• Preparation and Stability of Color Extract / Microparticles by Spray Drying: Butterfly pea is one of the most interesting sources of natural color used in food and cosmetics. Anthocyanins are the main coloring compounds in the petals. The pH of medium, temperature, and light affect the stability of color aqueous extracts from petals. Alkalinity and acidity of solvents affected color stability and changed the shade of the color. The color was most stable at pH 4 solution under darkness and least stable in pH 7 under UV light. To improve color stability, study evaluated a microparticulated system by spray drying technique. Gelatin microparticulated system offered better protection against UV light than HPMC microparticulated system. However, no protection against thermal degradation was observed from both.   (91)
• Bioactivity / Antioxidant / Potential as Health Drink / Flower Extract: Evaluation of anti-aging drinks have often fallen short of promise, below-standard, failing to meet bioactivity requirements. This Thai study evaluated the bioactivity qualities, active ingredients, and total phenolic contents of 40% and 50% ethyl alcohol extracts obtained by ultrasonification extraction and maceration using DPPH, FRAP antioxidant power, ABTS assay, total phenolic compound, and active ingredients by HPLC. Results showed the flower extract drink contained high amounts of gallic acid and rutin, with no toxicity as a in white Wistar rats. Study suggests a potential as a health drink.(92)
• Anthocyanins / Attenuation of Food-Borne Pathogen / Potential as Food Biopreservative: Study evaluated the antimicrobial activity of C. ternatea extract on food borne microorganisms and its antifungal effect on Penicillium expansum. Extract showed significant antimicrobial activity. The fungicidal activity was concentration dependent. The germination by P. expansum conidia was completely inhibited and conidial development totally suppressed, suggesting an anthocyanin effect. The extract also exhibited a 5.0-log suppression of microbial growth relative to control in the rice model. Results suggest potential use of the C. ternatea anthocyanin as food preservative. (93)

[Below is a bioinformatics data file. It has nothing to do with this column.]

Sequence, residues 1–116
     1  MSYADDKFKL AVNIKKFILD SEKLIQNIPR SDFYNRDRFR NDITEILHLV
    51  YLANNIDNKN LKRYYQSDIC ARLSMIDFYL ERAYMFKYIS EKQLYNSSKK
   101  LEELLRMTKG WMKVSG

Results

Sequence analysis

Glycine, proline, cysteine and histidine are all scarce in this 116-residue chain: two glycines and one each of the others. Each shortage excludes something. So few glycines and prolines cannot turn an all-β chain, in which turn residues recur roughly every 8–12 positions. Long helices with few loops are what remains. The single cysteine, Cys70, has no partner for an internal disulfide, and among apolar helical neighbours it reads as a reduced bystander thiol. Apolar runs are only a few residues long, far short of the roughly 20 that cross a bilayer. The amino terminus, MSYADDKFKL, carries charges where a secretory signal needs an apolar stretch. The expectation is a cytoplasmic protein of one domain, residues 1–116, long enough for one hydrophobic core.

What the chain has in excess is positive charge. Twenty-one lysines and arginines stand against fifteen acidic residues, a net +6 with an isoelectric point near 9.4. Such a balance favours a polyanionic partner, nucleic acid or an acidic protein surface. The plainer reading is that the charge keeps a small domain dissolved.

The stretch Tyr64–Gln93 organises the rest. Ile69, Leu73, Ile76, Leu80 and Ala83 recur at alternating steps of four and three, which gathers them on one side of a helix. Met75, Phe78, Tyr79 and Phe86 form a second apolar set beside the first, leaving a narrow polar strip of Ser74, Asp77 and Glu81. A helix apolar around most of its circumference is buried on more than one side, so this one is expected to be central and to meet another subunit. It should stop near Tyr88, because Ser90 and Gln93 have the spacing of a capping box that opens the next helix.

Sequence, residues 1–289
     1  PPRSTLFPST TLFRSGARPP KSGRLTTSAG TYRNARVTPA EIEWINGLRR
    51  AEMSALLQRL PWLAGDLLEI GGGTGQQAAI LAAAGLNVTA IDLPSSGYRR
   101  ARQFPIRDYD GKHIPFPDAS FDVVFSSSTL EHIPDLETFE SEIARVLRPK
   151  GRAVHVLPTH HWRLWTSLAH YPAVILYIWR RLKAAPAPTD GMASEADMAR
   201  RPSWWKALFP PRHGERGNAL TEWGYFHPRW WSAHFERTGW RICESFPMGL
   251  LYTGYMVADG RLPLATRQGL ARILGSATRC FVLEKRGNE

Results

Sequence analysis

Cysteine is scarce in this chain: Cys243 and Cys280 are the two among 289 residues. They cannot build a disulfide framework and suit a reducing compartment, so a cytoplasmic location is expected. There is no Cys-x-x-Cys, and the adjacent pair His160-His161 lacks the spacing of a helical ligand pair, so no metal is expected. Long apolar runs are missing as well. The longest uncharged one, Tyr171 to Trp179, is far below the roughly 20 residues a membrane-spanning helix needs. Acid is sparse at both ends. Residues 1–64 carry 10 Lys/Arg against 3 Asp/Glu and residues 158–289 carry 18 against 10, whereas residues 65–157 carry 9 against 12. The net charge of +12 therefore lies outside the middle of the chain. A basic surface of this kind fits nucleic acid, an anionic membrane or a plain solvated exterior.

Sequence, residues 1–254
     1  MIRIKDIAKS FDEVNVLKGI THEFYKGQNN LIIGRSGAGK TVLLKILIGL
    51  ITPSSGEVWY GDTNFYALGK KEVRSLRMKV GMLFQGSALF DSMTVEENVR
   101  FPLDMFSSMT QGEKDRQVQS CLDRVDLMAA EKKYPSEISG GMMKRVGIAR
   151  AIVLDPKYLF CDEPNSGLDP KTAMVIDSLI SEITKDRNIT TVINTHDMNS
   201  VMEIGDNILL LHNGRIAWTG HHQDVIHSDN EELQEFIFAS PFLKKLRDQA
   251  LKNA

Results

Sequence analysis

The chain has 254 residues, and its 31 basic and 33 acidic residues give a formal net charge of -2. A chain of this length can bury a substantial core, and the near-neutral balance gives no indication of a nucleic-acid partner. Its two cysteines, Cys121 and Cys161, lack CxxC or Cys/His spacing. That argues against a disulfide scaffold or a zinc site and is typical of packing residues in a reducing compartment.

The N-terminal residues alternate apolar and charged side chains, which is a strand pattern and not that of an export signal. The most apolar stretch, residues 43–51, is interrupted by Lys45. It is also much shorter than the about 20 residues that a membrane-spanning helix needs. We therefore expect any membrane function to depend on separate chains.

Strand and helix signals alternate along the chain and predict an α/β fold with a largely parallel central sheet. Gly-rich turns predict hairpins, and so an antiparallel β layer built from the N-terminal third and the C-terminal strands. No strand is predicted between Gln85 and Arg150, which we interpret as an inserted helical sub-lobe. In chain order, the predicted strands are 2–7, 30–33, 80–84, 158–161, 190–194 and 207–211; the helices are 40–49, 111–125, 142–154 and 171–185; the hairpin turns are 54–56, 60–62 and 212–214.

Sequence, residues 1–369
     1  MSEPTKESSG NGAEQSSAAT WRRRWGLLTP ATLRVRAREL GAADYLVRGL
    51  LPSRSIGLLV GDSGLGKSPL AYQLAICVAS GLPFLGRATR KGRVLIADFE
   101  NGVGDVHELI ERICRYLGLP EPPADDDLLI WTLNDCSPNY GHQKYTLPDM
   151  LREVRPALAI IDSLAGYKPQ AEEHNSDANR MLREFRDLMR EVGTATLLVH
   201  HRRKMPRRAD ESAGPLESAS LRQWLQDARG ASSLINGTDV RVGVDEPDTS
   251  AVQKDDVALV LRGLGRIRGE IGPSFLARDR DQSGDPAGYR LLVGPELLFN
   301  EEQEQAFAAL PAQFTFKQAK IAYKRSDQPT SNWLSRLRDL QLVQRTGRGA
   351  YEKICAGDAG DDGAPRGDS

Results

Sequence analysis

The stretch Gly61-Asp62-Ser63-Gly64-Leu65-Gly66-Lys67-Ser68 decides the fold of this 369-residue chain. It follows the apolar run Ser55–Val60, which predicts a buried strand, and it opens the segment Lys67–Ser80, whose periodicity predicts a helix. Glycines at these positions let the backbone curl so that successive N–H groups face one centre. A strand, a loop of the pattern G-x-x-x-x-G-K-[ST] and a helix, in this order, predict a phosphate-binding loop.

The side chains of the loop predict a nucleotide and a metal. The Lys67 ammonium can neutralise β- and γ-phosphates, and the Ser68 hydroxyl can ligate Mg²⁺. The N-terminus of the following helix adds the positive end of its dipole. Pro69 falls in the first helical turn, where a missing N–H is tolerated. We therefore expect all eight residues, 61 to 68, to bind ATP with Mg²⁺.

• Inhibition of Alpha-Amylase During In-Vitro Starch Digestion / Potential Glucose Lowering Effect / Flower: Study evaluated the inhibitory effect of C. ternatea flower extract against a-amylase during simulated in vitro wheat starch digestion. The aqueous extract of flower containing anthocyanin was a competitive inhibitor against a-amylase with IC50 (concentration required to reduce enzyme activity by half) and inhibition constant, K1, of 0.91 mg/mL and 0.75 mg/mL, respectively. Results showed potential lead for the development of functional food/drink for controlling postprandial blood glucose level. (94)
• Anti-Aging / Anti-Wrinkle Effect / Leaves: Study showed high potential of C. ternatea leaf in vitro enzyme inhibitory activity against skin aging-induced biological damages. Results suggest the possible use of C. ternatea leaf as a natural, non-toxic protector against photosensitization-induced biological damages. In this study the extract and fractions of C. ternatea showed inhibitory activity against hyaluronidase, elastase, and MMP-1, and taraxerol was identified as a potential anti-wrinkle agent present in C. ternatea leaf. (95)
• Protective Effect of Flower Extract on Human Keratinocytes against Hydrogen Peroxide Induced Cytotoxicity and UV-Induced mDNA Damage: Study investigated the protective effect of flower water extract against H2O2-induced cytotoxicity and UV-induced mitochondrial DNA (mDNA) damage in human keratinocytes. The CTW reduced cytotoxicity effects of H2O2 and also significantly reduced mDNA damage in UV-exposed HaCaT. Main compounds detected were anthocyanins derived from delphinidin, including polyacylated ternatins, and flavonol glycosides derived from quercetin and kaempferol. Results suggest some explanation for the putative traditional and cosmetic uses of C. ternatea flower against skin aging. (97)
• Whitening and Moisturizing Effects / Cosmetic Potential / Flower: Study of a butterfly pea flower fermentation solution exhibited free radical scavenging ability, high reducing power, and promoted moisture retention and whitening effect. The effects increased as concentration increased. Results suggest a potential for the flowers as raw material for natural beauty care products. (98)
• Extraction Methods of Butterfly Pea / Review: Paper reviews recent advances in extraction and biological activities of phytochemicals from C. ternatea flowers. Maceration or ultrasound assisted extraction greatly increased the yield (16-247% of increase) of phytochemicals from flowers. Kaempferol, quercetin and myricetin glycosides as well as anthocyanins have been isolated from the flowers. Flower extracts have been found to possess antimicrobial, antioxidant, anti-inflammatory, cytotoxic, and antidiabetic activities that are beneficial to human health. Clitorea ternatea is a promising candidate for functional food applications with a wide range of pharmacotherapeutic properties, safety, and effectiveness. (100)